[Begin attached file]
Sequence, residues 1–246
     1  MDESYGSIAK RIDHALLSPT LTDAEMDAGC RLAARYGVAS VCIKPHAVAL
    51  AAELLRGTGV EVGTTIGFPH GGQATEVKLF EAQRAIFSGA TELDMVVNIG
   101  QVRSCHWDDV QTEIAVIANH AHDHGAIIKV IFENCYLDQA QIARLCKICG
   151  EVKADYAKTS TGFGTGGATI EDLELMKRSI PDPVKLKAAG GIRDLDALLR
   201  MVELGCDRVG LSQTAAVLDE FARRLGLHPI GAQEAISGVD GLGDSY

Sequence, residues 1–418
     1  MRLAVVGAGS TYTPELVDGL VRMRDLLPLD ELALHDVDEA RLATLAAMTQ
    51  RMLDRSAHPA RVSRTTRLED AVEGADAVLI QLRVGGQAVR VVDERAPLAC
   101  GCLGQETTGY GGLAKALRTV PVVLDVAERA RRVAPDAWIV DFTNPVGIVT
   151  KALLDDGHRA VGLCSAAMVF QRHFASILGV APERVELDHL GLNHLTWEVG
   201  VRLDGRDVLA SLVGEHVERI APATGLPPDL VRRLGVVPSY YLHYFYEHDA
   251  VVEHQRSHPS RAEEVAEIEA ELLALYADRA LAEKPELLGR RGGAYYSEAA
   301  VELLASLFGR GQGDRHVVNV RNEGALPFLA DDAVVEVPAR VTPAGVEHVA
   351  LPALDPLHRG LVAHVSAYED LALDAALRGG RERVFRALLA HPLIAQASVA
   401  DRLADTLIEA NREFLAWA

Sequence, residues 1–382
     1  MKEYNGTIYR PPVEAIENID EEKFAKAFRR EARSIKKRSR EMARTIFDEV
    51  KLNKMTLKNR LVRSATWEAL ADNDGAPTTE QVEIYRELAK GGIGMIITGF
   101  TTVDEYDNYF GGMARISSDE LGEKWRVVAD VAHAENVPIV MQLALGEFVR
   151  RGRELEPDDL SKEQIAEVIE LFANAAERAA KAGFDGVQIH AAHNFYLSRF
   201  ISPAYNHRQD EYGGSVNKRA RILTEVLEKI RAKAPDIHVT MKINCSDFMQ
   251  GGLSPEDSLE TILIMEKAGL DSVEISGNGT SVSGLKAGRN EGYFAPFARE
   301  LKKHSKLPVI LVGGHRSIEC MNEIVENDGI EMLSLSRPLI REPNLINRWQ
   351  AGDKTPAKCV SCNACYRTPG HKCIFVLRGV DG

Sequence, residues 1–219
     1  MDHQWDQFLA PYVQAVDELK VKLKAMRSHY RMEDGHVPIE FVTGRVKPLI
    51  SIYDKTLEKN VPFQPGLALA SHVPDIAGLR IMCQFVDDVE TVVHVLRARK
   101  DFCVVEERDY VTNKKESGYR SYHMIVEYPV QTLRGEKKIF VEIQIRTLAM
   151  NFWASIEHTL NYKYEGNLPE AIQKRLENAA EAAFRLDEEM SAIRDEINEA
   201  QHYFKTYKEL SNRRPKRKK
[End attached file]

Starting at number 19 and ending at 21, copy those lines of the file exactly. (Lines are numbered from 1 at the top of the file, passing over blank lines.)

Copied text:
    51  KLNKMTLKNR LVRSATWEAL ADNDGAPTTE QVEIYRELAK GGIGMIITGF
   101  TTVDEYDNYF GGMARISSDE LGEKWRVVAD VAHAENVPIV MQLALGEFVR
   151  RGRELEPDDL SKEQIAEVIE LFANAAERAA KAGFDGVQIH AAHNFYLSRF